I focus on fiction, sci-fi, fantasy, science, history, politics and read a lot. I try to review everything I read.
I have read a bunch of books about the 2007 financial crash. By focusing on the people that made a lot of money from the crash, this book explains quite clearly the underlying causes of the crash. Unfortunately this book requires a bit of understanding of how markets and financial products work. If you have these basic understandings, this is the best of the bunch of books examining the 2007 crisis. Not only were the characters quite fun to read about, but the story helped explain the underlying causes of the crisis in an interesting and compelling way. I generally recommend this as a great place to start if you want to understand the mechanics of what happened in the financial crisis of 2007.
In 1729 Jonathan Swift made A Modest Proposal that the Irish poor sell their children to the rich as food. Here Piketty suggests the opposite, that we cannibalize the rich (at least their money) to feed the poor by creating a global wealth tax to redistribute wealth from the rich into social programs.
I loved this book, it is mostly about data, and I love data. Not only is there lots and lots of data, but it is very good data, with very good explanations and outstanding transparency on sources and methods. I just love this kind of data. I spent hours before starting the book just absorbing the pdf containing over 100 charts and tables. You read that right – over 100 charts and tables, and there is no point listening to this book if you don’t understand these charts. Thus I recommend either getting a visual version of the book and/or taking a careful look at the charts before you start the book. All the raw data for all the charts is available in excel format on the book’s web site.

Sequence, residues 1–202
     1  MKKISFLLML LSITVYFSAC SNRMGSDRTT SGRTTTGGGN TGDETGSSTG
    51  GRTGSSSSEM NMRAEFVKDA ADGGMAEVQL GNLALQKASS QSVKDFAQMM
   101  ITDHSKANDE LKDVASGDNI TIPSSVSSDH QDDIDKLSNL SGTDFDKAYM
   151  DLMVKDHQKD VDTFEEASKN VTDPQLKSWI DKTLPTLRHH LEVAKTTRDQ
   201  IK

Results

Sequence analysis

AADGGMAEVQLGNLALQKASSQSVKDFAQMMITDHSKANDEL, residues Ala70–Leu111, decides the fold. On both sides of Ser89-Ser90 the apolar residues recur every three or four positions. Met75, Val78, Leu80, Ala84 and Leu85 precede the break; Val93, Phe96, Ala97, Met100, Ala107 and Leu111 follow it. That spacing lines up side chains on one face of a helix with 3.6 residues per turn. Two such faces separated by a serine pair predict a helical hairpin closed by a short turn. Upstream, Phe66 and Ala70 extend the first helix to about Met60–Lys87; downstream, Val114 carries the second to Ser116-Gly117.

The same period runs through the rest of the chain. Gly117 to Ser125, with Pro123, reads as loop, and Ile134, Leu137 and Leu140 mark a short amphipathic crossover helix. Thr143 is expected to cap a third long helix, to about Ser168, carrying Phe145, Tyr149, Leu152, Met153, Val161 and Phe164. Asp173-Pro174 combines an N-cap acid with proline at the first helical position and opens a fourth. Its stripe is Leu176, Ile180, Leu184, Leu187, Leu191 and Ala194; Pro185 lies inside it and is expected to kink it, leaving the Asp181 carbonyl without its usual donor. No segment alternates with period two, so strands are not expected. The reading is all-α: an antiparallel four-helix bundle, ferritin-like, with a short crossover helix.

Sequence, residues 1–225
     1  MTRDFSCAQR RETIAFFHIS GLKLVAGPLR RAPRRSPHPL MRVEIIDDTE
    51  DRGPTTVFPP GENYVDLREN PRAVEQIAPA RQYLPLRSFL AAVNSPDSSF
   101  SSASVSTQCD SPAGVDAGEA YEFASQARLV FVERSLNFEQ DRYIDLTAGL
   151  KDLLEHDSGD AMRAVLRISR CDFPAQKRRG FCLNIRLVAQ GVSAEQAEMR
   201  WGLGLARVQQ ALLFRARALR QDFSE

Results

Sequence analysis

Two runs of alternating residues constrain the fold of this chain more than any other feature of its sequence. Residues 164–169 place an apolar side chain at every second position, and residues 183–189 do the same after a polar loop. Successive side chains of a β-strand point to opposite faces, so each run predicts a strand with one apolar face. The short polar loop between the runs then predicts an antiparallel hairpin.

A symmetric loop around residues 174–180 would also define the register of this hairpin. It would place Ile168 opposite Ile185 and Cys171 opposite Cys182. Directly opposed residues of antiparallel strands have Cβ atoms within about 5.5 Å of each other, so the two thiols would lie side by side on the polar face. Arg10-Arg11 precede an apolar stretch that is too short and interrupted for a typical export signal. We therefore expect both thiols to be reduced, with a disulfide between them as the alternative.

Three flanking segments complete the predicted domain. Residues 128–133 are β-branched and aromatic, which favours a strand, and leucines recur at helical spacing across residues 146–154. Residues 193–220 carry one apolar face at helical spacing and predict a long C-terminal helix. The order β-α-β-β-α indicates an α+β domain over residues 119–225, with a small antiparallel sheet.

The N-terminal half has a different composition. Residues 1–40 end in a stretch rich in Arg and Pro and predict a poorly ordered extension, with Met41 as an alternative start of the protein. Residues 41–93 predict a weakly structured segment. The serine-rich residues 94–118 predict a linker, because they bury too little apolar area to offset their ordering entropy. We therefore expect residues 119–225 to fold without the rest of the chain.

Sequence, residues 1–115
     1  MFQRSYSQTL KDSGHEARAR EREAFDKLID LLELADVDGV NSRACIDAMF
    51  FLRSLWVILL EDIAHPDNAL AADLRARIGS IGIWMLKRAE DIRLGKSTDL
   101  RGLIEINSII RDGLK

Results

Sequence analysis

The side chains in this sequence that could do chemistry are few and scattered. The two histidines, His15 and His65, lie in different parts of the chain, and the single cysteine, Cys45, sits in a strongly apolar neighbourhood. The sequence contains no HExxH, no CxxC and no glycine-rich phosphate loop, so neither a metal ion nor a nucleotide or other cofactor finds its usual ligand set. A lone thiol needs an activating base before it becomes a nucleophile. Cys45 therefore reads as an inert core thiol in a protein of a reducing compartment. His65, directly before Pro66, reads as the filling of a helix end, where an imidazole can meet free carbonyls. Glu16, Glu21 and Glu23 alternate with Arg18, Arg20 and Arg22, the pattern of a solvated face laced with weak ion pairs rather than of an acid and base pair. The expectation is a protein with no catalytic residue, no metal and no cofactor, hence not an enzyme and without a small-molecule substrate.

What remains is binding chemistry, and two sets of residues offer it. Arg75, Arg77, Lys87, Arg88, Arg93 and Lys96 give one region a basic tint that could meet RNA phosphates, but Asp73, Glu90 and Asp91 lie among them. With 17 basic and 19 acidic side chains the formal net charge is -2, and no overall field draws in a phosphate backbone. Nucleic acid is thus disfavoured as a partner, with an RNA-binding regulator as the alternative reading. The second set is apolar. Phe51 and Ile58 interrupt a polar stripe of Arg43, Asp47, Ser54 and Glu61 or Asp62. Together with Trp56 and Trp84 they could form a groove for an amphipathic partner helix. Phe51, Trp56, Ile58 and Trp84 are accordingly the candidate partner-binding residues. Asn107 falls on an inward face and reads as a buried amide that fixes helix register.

I highly recommend this book if you want to understand the debate regarding wealth inequality and what, in anything, should be done about it. The narration is good, but it is still a tough listen due to the many references to charts, numbers, and equations.
Although I love the data and the explanations, I did not find the conclusions very compelling. It is difficult to take the author to task regarding his conclusions because he is clearly quite a clever guy and meticulously covers his posterior by making every conclusion explicitly based on hypotheticals that might be the case.
An undemonstrated premise of this book seems to be non-egalitarian societies are inherently unjust or non-utilitarian. This is far from clear. Unequally rewarding an important helpful skill is non-egalitarian yet is both just and utilitarian. Most of my disagreements with Piketty’s conclusions are based on our differences regarding this premise. There is clearly a balance of inequality essential to capitalism, and understanding how to correctly detect imbalances, either way, should have come before any analysis of how to correct any such imbalance. Yet Piketty’s answer to what the social optimal balance should be is “it is hard to say”. Adjusting a tax when it is hard to say what the proper rate should be seems ill advised.
Piketty notes that the total capital per person (in units of annual production per person) has been increasing steadily from a low in the 1950’s back to its gilded age pre-war highs. Piketty seems to believe, without a wealth tax intervention, capitalism might naturally lead to a spiraling inegalitarian concentration of wealth (depending on various rate scenarios).
Piketty correctly points out the estate tax is not uniform internationally and we currently have poor wealth reporting mechanisms yielding an ineffective tax. Yet if we fix these weaknesses of the estate tax, it is not clear why an additional wealth tax would be necessary. The author seems to me to be throwing the baby out with the bathwater by taxing skill earned wealth invested productively the same as inherited (unearned) wealth using a Wealth Tax, instead of just fixing the estate tax so it works. Inheritance tax has been attacked by the wealthy as The Death Tax but I suggest it should be re-dubbed the Slutty Heiress Elimination Tax.